The ANC only started to gain traction in their quest for liberation after Mandela, still as a prominent (and incarcerated) leader resumed advocating and practicing non aggression principles.
To date the non aggression principle is the most effective, paradoxical approach towards responding to aggression. If you are looking for some proof in the pudding, just look up Ghandi, and Martin Luther King.
Taking a non aggressive approach prevents you from being stuck in your reptilian brain during aggressive and stressful encounters. It also allows direct access to the critical thinking region of your brain, your prefrontal cortex, which affords you insights into dignified alternatives to end the conflict.
I understand that some people would read this post and dismiss it as rubbish, or perhaps a promotion of weakness, but nothing could be farther from the truth as well as contradictory. It takes courage to seek and exercise peace, this is because all impulsive and reactionary behavior is motivated by fear, with little regard for consequences.
The fight or flight analogy needs to be improved, because whether you are fighting or fleeing, you are reacting to fear. To react to fear is the equivalent of fleeing (from pain and suffering) and when you are running from something, you are certainly not giving a lot of thought to where you are headed.
Sure, if you were to lose your temper in the heat of the moment it is easy to convince yourself about your lack of care for potential consequences, that is, until the the time comes for you to face the consequences of your actions.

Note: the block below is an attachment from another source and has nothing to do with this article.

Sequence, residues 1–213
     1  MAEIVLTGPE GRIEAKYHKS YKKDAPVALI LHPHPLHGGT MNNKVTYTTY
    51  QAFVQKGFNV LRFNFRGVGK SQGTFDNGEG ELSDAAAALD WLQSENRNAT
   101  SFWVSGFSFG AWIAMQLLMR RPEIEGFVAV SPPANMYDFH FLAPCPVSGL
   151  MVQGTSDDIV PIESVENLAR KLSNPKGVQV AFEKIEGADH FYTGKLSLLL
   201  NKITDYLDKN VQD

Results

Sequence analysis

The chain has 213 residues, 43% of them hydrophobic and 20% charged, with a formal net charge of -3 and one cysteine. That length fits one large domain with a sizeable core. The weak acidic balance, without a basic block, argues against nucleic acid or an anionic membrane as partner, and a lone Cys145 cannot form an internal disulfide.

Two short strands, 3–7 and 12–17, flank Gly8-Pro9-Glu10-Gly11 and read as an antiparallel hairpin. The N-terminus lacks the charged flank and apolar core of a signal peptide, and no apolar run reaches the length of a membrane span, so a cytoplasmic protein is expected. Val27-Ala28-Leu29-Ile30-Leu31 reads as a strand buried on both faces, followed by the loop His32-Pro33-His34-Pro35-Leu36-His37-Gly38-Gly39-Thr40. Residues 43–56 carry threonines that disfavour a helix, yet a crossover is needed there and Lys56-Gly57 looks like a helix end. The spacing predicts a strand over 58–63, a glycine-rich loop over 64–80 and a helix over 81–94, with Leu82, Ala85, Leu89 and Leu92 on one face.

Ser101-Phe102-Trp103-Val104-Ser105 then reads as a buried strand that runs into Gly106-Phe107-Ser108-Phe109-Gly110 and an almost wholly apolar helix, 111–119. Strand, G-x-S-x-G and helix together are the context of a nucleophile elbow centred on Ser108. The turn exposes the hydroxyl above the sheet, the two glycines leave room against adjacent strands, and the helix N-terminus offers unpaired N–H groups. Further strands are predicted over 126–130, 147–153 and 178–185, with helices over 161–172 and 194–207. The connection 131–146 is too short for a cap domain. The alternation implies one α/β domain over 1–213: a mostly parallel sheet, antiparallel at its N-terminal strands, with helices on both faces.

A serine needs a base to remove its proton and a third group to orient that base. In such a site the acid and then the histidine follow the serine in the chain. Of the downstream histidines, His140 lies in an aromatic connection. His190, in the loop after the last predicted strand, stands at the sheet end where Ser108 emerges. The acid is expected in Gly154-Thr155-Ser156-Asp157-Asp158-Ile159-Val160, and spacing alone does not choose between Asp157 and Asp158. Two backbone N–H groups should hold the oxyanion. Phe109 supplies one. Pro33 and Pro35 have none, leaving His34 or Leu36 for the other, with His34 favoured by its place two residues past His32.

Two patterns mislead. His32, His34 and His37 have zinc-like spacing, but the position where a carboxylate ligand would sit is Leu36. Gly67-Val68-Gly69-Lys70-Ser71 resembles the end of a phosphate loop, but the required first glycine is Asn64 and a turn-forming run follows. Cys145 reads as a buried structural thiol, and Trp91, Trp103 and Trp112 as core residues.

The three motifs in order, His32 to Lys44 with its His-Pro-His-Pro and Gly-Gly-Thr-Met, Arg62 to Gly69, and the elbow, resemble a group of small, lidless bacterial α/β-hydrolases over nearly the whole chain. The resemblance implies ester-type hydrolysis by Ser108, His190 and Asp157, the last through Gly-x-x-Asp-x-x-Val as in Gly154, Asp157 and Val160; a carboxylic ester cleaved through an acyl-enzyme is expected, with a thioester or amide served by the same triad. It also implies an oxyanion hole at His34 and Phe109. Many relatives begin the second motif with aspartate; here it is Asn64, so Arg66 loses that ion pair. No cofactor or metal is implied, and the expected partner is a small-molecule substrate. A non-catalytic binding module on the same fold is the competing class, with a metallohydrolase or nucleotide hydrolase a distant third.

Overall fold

Violence begets violence, and regardless of how you may view yourself, all human beings are equal, primarily because we are equally vulnerable and we live at the mercies of each other.
I was putting together some information about workplace bullying and effective strategies for how to respond to bullying in the workplace. Right now it’s looking like it’s going to be a two part post. Regardless, the post will be up Monday morning, Arizona time.
If it turns out to be a two part post, the second post will discuss effective cognitive behavioral strategies for dealing with and putting an end to workplace bullying and mobbing.
Rest in Peace Mr. Mandela.
Ugo is a psychotherapist and life coach.
Would you knowingly expose yourself to an infectious disease? If you are sound of mind, chances are that you will say no. Further, the reason you will most likely say no is because you have an appreciation for how vulnerable your physical self is.
Our awareness of our vulnerability as human beings, (on a physical level) alters the choices we make. Collectively, so few of us willingly take risks that puts our physical being in danger.
Bad idea #1: You lack intellect.
No two brains are the same, and everyone has the ability to gain awareness of truths in and out of their lives to solve their problems. When people buy into the idea that they are not intelligent, self fulfilling prophecy takes precedence. They lose interest in seeking the truth and live a life where they transition from one crisis to another where, due to their difficulty in making predictions, they would have been able to make if they possessed awareness of the truth.
Bad idea #3: You are worthless.
How to prevent yourself from buying into bad ideas.
Prevention method #1:
Prevention method #2:
Prevention method #3:
Ugo is a psychotherapist and life coach.